2. Divergence in central and state approaches in programs and welfare schemes.
  3. Incoherence in organization at national and state level.
  4. Poor accountability, transparency and monitoring mechanism.


Accountability and Transparency:

Accountability is answerability towards performance of service delivery. It sets in the responsibility towards the assigned tasks in terms of results and outcome.

  • Accountability is specified both in vertically and horizontally. The former refers to the departmental hierarch in a govt. institutions and the latter refers to the autonomous agencies for check and balances on govt. activities e.g. CAG, PMO etc.
  • Transparency is necessary for efficient delivery of essential public services; it acts as an enabler for citizens in accessing information on demand which helps them in reinstating their claims on government endowments and entitlements meant for them.
  • Lack of accountability and transparency has earmarked the governance in India with red-tapism, bureaucracy and corruption. Govt. has put efforts in multifarious manners to curb the menace. Citizen Charter, Right To Information, Central Vigilance Commission etc. are revolutionary efforts, inasmuch the poor monitoring of their implementation has put a constraint of the efficacy of such ideas.



In long term, it has been identified that, there has been a gross mismatch between the outcomes of the Indian Economic Planning for Inclusive Growth with respect to environment.

  • Although, Indian economy has witnessed a rapid growth, there has been a decline in the environment and standard of living of the poor. In the issues related to Inclusive Growth as discussed ahead, it has been elaborated that Liberalization, Privatization and Globalization (LPG) has put a sheer pressure on the environment and created a rural-urban divide. Sustainability and Inclusive Growth can’t be achieved in isolation and they supplement each other.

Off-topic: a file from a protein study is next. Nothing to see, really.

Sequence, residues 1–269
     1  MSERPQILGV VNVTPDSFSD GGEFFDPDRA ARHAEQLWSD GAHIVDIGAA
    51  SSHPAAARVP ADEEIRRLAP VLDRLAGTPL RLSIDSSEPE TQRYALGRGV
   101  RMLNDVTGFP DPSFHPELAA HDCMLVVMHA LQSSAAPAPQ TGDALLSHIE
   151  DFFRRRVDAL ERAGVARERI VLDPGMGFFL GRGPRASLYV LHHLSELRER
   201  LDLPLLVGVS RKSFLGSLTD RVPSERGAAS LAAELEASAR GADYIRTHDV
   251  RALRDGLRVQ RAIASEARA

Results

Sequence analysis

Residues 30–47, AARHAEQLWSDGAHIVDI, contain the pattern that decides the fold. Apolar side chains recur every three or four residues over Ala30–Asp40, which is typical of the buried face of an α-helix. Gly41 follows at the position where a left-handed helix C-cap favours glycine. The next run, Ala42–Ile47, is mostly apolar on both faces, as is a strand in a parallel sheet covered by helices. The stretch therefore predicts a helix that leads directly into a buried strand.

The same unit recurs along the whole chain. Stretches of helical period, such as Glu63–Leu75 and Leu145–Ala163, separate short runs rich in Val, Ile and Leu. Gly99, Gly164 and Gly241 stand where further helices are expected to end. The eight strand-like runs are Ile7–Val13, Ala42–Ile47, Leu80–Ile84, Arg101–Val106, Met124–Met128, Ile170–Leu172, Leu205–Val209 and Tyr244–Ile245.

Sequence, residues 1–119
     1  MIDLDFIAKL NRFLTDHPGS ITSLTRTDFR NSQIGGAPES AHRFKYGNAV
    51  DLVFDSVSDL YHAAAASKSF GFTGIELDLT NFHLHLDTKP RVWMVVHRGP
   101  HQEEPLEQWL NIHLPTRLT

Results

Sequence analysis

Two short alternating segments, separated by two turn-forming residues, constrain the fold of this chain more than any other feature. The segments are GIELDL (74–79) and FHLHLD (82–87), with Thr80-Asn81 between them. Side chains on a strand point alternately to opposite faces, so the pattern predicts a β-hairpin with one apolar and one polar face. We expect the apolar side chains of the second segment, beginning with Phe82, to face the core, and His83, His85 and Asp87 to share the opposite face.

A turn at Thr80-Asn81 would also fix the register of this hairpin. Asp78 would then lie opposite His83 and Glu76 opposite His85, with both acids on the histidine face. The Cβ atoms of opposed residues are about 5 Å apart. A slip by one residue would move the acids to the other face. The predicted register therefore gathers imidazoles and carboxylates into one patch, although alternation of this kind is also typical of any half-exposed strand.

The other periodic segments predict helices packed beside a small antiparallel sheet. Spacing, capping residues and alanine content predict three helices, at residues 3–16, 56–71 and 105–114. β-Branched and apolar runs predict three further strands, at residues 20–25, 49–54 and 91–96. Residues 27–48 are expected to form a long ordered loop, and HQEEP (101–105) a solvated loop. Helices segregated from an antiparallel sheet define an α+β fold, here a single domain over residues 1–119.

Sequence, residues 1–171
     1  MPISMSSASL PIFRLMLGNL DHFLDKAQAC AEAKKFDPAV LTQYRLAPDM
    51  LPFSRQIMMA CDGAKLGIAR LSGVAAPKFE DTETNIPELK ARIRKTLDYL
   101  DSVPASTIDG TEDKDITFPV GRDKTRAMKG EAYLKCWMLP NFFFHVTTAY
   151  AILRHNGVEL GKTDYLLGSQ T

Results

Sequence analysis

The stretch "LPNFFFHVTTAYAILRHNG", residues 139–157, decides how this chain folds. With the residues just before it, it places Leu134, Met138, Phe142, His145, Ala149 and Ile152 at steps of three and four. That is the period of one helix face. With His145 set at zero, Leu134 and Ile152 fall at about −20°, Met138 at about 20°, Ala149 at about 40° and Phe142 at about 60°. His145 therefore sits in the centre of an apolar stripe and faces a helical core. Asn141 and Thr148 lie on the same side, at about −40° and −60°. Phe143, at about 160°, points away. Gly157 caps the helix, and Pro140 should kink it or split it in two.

• Without adopting a sustainable practice in Inclusive Growth, the implementation of Inclusive Growth policies is bound to falter. Sustainability is required at the following levels when charting out the policy framework for Inclusive Growth:
  • Financial Sustainability: The Inclusive Growth programs and projects of the govt. should be financially viable. It may be noticed that excess of subsidy and lack of outcome orientation is causing a problem of increasing fiscal deficit.
  • Social Sustainability: Social sustainability means the need to maintain and sustain specific structure and culture. This type of problem is typically prevalent in tribal areas where the development programs for economic growth come in conflict with the cultural sentiments of the tribal population.
  • Environment Sustainability: In long-term, the environment standards must not be jeopardized while in pursuit of Inclusive Growth. By excess use of fertilizer is a die-hard need of the moment, at the same time it has led to is unique problem of depletion of soil productivity and technology fatigue.